Expert Commentary

Assessment of the “golden hour” for emergency medical services

2009 study in Annals of Emergency Medicine on medical service response times and survival rates among trauma victims.

The 60 minutes after a traumatic injury is sometimes referred to as the “golden hour,” a window of time in which a victim is thought to have the greatest chance of survival if given medical attention. Though this idea has become conventional wisdom, rushing to arrive within the window carries risk — speeding EMS vehicles aren’t immune from accidents, after all — and the exact relationship between response times and the survival odds has not been definitively established.

A 2009 study published in the Annals of Emergency Medicine, “Emergency Medical Services Intervals and Survival in Trauma: Assessment of the ‘Golden Hour’ in a North American Prospective Cohort,” analyzed a patient registry of 3,656 adult trauma victims transported by 146 EMS agencies to 51 hospitals between 2005 and 2007. Patients were chosen based on a uniform set of health criteria: blood pressure reading, respiratory rate and Glasgow Coma Scale score. Of the 3,656 subjects studied, 806 died as a result of the incident that prompted the emergency response.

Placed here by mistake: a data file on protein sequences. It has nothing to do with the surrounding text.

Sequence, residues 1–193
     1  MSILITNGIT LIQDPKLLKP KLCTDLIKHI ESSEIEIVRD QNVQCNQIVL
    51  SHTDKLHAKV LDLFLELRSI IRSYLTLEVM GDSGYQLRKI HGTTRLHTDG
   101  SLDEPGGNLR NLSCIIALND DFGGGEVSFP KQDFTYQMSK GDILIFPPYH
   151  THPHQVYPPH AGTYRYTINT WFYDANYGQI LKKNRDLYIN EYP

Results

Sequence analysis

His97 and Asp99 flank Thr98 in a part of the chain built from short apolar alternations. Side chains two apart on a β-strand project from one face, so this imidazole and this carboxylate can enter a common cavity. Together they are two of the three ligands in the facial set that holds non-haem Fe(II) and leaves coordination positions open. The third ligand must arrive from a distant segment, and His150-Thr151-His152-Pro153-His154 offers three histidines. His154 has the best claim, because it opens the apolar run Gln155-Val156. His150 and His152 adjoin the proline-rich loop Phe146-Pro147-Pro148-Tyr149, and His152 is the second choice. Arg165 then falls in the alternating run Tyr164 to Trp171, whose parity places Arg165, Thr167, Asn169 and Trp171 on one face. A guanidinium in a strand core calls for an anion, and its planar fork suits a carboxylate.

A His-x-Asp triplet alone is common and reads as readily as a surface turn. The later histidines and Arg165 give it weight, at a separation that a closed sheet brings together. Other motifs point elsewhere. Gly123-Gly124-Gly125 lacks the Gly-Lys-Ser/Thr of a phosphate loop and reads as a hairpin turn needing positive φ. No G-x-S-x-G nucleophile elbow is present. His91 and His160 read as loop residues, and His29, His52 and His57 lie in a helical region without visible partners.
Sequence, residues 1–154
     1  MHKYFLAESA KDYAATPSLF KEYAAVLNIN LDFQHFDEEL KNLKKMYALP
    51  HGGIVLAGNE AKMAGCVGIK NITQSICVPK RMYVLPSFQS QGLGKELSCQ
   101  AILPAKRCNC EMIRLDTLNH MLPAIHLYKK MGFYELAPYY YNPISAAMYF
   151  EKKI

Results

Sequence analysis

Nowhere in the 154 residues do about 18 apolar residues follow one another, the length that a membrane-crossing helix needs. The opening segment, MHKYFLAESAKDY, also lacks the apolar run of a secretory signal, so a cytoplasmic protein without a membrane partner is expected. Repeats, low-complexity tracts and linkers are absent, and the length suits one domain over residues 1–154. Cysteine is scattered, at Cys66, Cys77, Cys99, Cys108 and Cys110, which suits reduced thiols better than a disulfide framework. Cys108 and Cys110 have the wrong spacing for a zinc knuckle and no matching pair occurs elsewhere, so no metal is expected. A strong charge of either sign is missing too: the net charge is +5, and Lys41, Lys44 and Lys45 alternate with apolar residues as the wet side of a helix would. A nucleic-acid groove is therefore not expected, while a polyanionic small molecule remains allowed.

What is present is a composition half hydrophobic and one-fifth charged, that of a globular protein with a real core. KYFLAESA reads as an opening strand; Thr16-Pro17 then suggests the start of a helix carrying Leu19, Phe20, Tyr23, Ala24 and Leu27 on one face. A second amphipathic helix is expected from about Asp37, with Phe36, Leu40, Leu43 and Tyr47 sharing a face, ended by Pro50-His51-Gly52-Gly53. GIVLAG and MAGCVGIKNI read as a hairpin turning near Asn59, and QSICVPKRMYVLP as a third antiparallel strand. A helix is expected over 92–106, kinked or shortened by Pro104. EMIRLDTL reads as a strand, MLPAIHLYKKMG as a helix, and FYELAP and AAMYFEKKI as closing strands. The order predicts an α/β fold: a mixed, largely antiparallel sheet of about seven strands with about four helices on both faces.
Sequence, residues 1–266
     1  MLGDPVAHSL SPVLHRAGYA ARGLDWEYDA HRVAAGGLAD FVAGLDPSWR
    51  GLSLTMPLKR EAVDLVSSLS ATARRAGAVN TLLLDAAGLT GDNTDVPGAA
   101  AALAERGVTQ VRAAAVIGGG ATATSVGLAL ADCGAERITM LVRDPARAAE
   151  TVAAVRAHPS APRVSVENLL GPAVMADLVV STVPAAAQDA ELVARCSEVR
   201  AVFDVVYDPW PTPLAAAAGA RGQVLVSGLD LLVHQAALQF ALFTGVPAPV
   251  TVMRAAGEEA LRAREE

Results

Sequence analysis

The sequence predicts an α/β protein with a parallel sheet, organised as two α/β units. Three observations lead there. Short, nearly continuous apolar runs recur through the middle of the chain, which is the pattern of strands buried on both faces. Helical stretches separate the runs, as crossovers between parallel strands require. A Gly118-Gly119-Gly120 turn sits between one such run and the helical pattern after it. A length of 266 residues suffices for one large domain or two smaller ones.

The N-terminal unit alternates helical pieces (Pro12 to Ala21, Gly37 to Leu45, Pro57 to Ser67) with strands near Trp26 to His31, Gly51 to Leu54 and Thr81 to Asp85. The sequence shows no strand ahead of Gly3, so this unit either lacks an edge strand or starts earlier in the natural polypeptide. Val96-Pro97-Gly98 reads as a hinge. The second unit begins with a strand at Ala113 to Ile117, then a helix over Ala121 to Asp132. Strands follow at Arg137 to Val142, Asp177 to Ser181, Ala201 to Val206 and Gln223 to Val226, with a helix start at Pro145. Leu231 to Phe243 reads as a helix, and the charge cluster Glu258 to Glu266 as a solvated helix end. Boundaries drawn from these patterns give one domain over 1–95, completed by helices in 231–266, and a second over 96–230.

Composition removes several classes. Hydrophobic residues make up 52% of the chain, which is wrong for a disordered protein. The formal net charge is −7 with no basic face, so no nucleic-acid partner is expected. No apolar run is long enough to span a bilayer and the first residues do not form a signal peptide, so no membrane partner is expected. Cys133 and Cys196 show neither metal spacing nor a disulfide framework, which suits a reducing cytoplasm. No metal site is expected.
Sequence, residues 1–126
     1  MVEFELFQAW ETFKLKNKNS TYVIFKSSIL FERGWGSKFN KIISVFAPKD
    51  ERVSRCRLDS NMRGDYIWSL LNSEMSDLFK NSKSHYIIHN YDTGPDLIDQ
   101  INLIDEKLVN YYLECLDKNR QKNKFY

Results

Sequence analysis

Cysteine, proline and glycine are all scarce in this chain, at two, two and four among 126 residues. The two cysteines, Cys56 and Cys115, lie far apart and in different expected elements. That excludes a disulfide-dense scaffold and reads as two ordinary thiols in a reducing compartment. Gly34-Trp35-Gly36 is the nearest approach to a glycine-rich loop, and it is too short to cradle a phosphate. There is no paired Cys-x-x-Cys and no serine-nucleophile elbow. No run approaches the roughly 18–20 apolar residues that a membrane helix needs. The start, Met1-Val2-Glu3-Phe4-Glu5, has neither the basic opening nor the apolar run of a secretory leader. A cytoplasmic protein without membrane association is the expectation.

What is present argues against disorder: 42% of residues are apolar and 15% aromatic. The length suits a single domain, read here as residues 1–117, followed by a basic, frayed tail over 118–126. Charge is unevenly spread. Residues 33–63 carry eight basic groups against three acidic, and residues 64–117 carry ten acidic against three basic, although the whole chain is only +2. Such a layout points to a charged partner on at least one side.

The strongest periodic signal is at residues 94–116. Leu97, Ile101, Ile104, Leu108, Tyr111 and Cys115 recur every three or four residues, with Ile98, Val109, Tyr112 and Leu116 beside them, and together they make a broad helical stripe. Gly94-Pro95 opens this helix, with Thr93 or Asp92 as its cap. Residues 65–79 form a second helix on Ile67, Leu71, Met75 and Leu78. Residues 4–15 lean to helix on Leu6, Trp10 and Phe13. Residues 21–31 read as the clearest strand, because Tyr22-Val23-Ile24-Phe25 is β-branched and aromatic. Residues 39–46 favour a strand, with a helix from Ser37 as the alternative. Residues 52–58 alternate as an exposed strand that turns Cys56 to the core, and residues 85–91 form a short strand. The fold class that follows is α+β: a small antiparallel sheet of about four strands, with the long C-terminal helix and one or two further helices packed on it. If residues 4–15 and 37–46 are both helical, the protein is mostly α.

Major points made in the study include:

  • Though response times varied across the places studied, the median amount of time from the 911 call to arrival at the hospital was 36.3 minutes. That included a high of 42 minutes in Seattle and a low of 28 minutes in Iowa.
  • Total EMS time was not linked to mortality rates, even when broken down into subgroups (for example, examining results specifically for children or for those whose treatment took place after 60 minutes.)
  • The only cases in which response time has proven to matter statistically are those relating to non-traumatic cardiac arrest. (The authors of this study do not dispute that finding with their data.)

The authors note that previous studies have reached opposite conclusions, and much EMS policy continues to focus on response speed. However, this study’s findings do not support the idea that promptness prevents deaths. The authors hypothesize that the “golden hour” idea may well be dependent on timely treatment at the hospital itself, adding that “such a possibility would lend credence to a ‘golden hour’ concept and be consistent with the previously demonstrated hospital-based effect on survival.”

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